Philosophy can be made out of anything. Or less -- Jerry A. Fodor

Re: Speed of Template
by perrin (Chancellor) on Aug 15, 2001 at 10:23 UTC
    I know it's late to comment on this thread, but I wanted to point out one thing about using TT in mod_perl and other persistent environments: you must cache the Template object! If you don't, and you create a new instance of Template on each request, you'll be killing the internal template cache. Read the tutorial on the TT site for an example of how to do it.
Re: Speed of Template
by Anonymous Monk on Feb 10, 2001 at 07:39 UTC
    If the queries I'm working with are going to be fairly static, I'll generally trade in my fetchrow_hashref calls for pseudo-hashes created with fetchrow_array instead.

    It generally ends up looking something like this:

    my $order = { col_one => 1, col_two => 2 }; my $sth = $dbh->prepare("SELECT col_one,col_two FROM table"); $sth->execute(); my $row = [$order, $sth->fetchrow_array()]; print "<LI>This is the data for col_one: $row->{col_one}</LI>";

    Or something like that, the only downside being: if I change the SQL query in my dbh->prepare() call, I'll have to make the corresponding changes to the order hashref above. This saves the DBI overhead of having to check the column names for each query, plus you get the benefits (IMO, at least) of pseudo-hashes over plain hashrefs -- wether or not you like them is up to you, here is one small discussion on the matter: Are pseudo-hashes worth the effort?

Re: Speed of Template
by EvilTypeGuy (Initiate) on Feb 10, 2001 at 02:38 UTC
    Fetchrow hashref is pretty slow. Consider doing whatever structures you need yourself :) The DBI maintainer hasn't optimized fetchrow_hashref yet, which is one big reason why you shouldn't use it if you're concerned about speed. Also, if your site is mostly static (i.e. you only have a few dynamic pages) consider not using mod_perl. use something like fastcgi instead. mod_perl has a big memory/processor overhead because it launchers a new interpreter for every new httpd process. fastcgi takes a round robin approach where it has a pool of already compiled copies of your script where it connects a user to one of those copies in a never-ending circle...(is that confusing, I think so...:)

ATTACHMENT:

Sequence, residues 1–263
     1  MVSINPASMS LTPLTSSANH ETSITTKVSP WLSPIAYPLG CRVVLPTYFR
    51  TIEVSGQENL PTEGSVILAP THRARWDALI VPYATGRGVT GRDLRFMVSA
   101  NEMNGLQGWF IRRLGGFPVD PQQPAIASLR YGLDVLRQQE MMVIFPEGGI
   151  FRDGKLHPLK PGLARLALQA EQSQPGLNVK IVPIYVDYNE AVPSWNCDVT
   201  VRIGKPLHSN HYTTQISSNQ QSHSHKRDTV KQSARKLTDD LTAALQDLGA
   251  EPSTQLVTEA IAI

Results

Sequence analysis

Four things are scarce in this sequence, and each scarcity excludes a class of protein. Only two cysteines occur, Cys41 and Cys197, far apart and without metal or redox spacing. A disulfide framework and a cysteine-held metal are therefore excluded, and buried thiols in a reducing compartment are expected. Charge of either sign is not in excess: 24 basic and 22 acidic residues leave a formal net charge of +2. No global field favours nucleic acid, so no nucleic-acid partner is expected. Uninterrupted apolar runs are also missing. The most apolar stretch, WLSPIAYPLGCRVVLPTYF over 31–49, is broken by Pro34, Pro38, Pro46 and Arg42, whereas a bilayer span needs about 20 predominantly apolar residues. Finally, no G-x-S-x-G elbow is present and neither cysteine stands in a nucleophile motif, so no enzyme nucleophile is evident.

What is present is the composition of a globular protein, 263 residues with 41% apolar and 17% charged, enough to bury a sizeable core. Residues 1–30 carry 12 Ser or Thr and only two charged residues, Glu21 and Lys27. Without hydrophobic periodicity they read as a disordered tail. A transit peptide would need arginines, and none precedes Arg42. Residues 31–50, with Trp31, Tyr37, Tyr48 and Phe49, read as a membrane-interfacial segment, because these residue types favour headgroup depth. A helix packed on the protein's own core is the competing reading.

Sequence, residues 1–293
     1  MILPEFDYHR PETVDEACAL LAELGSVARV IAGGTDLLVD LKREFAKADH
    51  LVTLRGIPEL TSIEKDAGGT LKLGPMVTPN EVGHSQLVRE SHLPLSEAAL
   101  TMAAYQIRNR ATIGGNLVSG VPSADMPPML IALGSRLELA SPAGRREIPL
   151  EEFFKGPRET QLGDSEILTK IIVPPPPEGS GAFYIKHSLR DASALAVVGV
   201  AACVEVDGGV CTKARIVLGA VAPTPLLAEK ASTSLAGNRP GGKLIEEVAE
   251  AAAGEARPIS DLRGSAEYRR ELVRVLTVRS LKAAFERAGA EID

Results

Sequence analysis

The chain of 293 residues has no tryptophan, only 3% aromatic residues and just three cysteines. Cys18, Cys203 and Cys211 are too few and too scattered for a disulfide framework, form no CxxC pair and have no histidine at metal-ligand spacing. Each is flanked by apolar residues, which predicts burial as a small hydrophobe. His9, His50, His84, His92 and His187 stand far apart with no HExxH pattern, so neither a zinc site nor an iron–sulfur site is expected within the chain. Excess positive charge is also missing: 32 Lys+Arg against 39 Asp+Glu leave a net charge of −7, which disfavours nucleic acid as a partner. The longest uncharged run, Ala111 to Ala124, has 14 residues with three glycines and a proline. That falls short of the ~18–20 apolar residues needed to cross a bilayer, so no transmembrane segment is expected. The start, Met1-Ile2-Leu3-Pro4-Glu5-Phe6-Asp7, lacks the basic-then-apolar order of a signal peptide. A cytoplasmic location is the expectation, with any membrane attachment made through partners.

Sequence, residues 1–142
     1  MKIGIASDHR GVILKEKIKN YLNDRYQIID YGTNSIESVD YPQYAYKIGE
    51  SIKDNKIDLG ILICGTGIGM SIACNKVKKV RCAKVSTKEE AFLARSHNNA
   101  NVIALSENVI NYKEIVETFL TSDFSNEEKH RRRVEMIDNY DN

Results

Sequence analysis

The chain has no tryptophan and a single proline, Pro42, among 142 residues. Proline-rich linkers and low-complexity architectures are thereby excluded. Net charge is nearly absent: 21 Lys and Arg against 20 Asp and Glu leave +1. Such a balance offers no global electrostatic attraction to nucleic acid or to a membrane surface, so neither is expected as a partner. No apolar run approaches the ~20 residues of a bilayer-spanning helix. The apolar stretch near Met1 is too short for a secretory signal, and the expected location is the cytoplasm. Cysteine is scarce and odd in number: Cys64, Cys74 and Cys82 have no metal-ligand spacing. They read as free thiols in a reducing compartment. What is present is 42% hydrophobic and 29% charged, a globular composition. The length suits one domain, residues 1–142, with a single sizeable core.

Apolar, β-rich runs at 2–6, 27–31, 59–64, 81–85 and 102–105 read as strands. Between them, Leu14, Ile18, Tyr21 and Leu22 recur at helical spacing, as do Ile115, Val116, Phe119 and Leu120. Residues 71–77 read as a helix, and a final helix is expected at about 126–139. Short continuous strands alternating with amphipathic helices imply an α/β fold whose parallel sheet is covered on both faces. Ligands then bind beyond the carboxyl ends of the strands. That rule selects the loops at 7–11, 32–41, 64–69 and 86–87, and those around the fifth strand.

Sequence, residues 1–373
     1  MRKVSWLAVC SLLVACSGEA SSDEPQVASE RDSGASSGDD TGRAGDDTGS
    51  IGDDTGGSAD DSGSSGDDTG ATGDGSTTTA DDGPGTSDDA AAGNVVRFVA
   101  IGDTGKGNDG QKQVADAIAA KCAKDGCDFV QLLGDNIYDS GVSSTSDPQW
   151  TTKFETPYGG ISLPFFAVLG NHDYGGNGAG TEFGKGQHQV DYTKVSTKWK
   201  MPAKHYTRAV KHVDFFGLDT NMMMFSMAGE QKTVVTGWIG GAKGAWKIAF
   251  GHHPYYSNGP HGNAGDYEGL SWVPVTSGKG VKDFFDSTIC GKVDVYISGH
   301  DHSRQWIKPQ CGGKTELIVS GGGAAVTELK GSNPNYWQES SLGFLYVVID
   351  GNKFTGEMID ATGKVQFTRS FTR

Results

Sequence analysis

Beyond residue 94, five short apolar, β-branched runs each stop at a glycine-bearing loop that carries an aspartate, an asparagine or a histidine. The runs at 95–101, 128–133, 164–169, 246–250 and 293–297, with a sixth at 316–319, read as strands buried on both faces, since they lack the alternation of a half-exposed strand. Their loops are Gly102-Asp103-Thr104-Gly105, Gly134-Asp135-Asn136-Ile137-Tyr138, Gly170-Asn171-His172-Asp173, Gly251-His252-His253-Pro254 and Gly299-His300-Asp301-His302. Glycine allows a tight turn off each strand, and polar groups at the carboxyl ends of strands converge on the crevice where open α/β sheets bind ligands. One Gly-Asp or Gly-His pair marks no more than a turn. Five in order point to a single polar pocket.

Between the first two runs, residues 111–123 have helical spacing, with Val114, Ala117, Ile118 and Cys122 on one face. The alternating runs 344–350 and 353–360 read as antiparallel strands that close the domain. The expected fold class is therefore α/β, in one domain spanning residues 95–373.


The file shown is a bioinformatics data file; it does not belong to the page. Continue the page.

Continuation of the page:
FOLLOWUP
by Masem (Monsignor) on Feb 14, 2001 at 23:34 UTC
    As I've been using some of the ideas here and on the web for what I'm doing, I'd thought I'd share them here.

    First, I did find that SQL queries were slowing me down : I was trying to be cute with INNER JOINS, but after recognizing that key searches that I'd want to do would require 2 or 3 inner joins to do it, and this ate up alot of time. I figured that most of the data that the frequent searches will be done with is static except when *I* change it (infrequent or as necessary), that I'd create a 'cached' column of data of what I'd normally get out of the JOINs, usually as a /;/ list, so that I can then use REGEXP to get the data that I need instead. I can then use secondary SQL calls to get any additional data out of the table. It's arguable that these secondary calls may increase runtime, but it increases the modularity of the CGI/perl stuff, since I use similar calls at other non-searching parts of the site. (As another optimization point, I would think that if I kept around a global variable for the $sth for these utility functions, since the query format doesn't change, only one placeholder, I'd get a bit more optimization... must try that tonight... :D)

    Template is *wonderful* to work with. It allows me to have minimal HTML code, even through CGI.pm, in the perl code, and thus provides yet another degree of model-controller-view. And yes, once I worked out the SQL problems, it was sufficient fast. Plus, Template has enough logic possibilities built into it that I can use more general results as outputs from my modular perl functions (refs to arrays and hashes as opposed to strings) and decide how to deal with them when I tighten down the presentation issues of my site. For example, one of the results of the faux JOIN above is a list of id number, each which, in a separate table, has a name; these can lead to individual pages which can be linked too, however, I may not always want to link to such in my code. I *could* write two functions in perl, one for the non-linked list, one for the linked list; I could supply the extra parameter in the function and handle it as such, but I think the most generic way to go is to return a hash, as I can still grab the list of names via a join(values()). But since Template can iterate through hashes, I'll just pass it to the template file, and then handle it there. Oh, but the possibilities..!

    I'm glad that the suggestions here made me stick with it -- the time of development right now is much faster than if I stuck to only perl and CGI for code generation. I'd be happy to share specific details of my experiences if anyone is in a similar position.